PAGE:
Letter From the Editors

Russia rolled out its Sputnik V coronavirus vaccine late last week with much fanfare but few facts that could reassure citizens about the vaccine’s safety and efficacy. Health care professionals are optimistic, but some are cautious and even skeptical.

Republic.ru columnist Rimma Polyak, summarizing some of the controversy swirling around the vaccine, quotes Lev Averbakh, general director and chief physician of CORIS private ambulance service in St. Petersburg, who believes that promoting vaccines in general during the height of an epidemic is not a good idea, and that Sputnik V in particular is not ready for distribution, given its limited testing for safety and efficacy. But other health experts say the choice is between the lesser of two evils – the known risks associated with COVID‑19 versus the unknown risks of a not fully tested vaccine. Polyak strikes a middle ground, saying that public health might ultimately be better served by ramping up efforts to mitigate the airborne spread of the virus through masking, social distancing and restrictions on public gatherings – at least until a vaccine can be developed that is proven to be safe and effective.

The most cynical Russian commentators are downright suspicious of Sputnik V. Yulia Latynina, known for unabashedly calling a spade a spade, says Sputnik V was developed solely to score Russian President Vladimir Putin political points on the world stage and should be viewed as a political project. She says Russia has no business developing a world-class vaccine, since it lacks the proper know-how and equipment. TV reports touting Russia’s vaccine should be viewed as nothing more than propaganda designed to put the Russian authorities in a good light, Latynina concludes. Yes, get any vaccine you can get, she advises her readers, but with a tacit word of caution: Make sure you get a healthy dose of reality along with your dose of vaccine.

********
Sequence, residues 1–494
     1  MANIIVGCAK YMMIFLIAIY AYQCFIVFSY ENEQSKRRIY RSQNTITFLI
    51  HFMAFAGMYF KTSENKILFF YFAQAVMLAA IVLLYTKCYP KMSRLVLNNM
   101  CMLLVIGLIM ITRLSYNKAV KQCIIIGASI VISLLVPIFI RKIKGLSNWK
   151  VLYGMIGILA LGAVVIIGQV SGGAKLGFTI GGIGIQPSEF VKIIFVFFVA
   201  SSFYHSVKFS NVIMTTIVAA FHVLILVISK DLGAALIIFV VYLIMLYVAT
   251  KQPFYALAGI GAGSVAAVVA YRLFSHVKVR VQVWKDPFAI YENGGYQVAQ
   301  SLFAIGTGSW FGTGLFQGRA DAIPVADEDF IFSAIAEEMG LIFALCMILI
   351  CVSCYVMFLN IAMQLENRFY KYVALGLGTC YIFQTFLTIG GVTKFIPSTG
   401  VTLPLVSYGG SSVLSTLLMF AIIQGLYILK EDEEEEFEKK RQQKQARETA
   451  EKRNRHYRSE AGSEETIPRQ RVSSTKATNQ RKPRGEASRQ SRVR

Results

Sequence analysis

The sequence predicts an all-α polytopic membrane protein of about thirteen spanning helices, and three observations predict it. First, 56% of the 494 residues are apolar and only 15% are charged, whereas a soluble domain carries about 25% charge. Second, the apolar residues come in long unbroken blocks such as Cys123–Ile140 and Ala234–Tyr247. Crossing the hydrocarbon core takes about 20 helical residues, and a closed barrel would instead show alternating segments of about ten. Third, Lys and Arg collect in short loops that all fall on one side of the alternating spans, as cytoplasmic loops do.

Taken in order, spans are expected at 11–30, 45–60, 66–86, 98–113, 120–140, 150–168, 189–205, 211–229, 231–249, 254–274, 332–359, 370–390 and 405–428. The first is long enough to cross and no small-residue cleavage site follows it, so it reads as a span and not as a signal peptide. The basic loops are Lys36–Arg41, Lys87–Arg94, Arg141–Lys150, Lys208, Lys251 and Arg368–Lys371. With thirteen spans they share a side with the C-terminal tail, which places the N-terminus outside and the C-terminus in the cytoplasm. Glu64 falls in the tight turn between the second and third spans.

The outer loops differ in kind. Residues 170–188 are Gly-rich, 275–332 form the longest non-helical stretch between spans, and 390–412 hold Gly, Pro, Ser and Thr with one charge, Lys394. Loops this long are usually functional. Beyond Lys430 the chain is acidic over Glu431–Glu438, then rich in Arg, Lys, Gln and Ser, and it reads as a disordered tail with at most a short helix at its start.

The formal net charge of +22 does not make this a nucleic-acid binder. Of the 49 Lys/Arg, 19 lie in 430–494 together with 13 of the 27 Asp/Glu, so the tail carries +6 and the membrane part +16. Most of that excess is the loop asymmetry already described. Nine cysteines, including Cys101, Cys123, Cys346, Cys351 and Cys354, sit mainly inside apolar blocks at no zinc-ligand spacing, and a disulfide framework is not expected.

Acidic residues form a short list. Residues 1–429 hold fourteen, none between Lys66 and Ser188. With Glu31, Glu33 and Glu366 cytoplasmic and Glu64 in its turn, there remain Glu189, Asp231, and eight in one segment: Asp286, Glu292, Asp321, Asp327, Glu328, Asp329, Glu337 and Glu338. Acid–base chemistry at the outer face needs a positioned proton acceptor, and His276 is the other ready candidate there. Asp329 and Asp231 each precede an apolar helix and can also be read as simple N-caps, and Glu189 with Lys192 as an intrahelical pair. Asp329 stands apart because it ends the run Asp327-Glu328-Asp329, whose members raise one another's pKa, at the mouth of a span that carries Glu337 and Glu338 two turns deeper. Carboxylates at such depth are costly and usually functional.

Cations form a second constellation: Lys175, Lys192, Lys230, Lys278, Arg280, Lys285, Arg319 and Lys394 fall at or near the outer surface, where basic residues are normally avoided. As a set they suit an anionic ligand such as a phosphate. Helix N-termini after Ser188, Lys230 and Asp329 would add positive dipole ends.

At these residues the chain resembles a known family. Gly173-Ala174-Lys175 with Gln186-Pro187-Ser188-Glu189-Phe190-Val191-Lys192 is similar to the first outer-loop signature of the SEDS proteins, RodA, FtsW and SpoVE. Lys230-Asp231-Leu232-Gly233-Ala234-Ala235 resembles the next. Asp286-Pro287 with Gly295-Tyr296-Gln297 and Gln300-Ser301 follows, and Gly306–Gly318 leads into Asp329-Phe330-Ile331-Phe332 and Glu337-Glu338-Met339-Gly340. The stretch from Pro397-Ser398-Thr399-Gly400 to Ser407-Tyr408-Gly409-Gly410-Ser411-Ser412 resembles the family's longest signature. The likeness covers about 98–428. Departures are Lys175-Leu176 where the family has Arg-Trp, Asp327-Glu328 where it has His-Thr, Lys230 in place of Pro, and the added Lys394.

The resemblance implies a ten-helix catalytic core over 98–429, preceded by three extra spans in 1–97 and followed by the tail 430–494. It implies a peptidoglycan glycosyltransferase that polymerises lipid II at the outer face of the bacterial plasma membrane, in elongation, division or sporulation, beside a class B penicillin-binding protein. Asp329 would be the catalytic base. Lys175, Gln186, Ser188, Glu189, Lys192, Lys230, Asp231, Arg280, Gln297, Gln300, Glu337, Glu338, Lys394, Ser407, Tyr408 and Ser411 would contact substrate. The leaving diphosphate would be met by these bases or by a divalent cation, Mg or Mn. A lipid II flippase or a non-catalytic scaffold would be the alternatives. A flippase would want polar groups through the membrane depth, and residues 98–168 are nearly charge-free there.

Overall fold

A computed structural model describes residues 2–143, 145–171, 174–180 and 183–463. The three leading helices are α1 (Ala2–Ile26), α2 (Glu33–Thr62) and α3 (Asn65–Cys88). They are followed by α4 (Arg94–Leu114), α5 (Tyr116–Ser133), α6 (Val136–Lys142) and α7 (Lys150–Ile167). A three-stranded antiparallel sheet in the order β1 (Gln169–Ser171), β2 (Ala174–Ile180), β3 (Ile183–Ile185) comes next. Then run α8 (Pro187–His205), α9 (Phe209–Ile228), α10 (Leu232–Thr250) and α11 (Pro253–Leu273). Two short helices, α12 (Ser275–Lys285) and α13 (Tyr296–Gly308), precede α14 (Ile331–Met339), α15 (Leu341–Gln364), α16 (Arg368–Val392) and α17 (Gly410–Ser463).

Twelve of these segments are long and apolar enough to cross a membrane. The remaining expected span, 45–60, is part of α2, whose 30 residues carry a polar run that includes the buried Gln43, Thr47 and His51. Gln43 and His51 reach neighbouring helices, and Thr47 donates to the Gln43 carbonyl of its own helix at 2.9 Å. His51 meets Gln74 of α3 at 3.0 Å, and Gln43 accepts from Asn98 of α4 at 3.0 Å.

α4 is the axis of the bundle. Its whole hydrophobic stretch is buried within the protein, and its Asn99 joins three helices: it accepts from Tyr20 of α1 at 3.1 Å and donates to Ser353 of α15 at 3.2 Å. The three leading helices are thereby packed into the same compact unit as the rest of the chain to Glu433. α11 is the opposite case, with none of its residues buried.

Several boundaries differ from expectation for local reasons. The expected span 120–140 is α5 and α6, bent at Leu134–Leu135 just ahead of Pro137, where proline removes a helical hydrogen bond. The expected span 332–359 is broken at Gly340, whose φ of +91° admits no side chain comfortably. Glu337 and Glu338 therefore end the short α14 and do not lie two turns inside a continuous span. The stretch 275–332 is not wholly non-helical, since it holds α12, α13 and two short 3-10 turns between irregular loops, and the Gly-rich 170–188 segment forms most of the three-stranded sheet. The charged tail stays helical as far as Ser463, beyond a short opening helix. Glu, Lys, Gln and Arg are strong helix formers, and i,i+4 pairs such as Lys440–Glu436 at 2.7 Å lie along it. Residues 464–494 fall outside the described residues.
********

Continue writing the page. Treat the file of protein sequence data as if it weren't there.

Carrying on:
The Russian authorities are also keen to inoculate law enforcers from professional and criminal liability for actions taken in the line of duty. Novaya gazeta commentator Boris Vishnevsky claims that new amendments to the Law on Police, purportedly intended to “strengthen guarantees to protect citizens’ rights and lawful interests,” actually do anything but. He says the amendments essentially provide police with a blank check along with blanket protections to do anything they want to citizens, including beating a defenseless person or opening fire with lethal intent if they think they are being threatened with attack. Police will also get the right to search individuals, their vehicles or items on their person if police officers have “reason to assume” that they have weapons, ammunition, cartridges, explosive substances, explosive devices, stolen goods, narcotic or psychotropic drugs, etc. Previously, police needed “information” – i.e., factual evidence – to conduct such searches. Now police only need “reasons” based on their own determination. These and other changes introduce a lot of room for arbitrary policing, essentially making the police immune to liability for violating citizens’ personal rights and freedoms. In the words of Vishnevsky, they represent “yet another unchecked expansion of police powers, passed off as ‘improving police practices.’ ” The Russian authorities are also continuing their eager effort to inoculate Russia from the painful symptoms of Western sanctions. As part of that effort, Russia has been trying to popularize its national interbank payment system, the Financial Messaging System, as an alternative to the SWIFT international payment system, in case Russia is cut off from it as Iran once was. Although attracting some users, including Iran, Russia’s FMS has a long way to go to gain any real traction with other countries and general worldwide acceptance, says Anna Bodrova, chief analyst at the Alpari analysis center. The challenge is a familiar one to the Russian authorities, who are used to facing a steady stream of skepticism and cynicism about anything coming from Putin’s Kremlin these days. But they seem immune to it.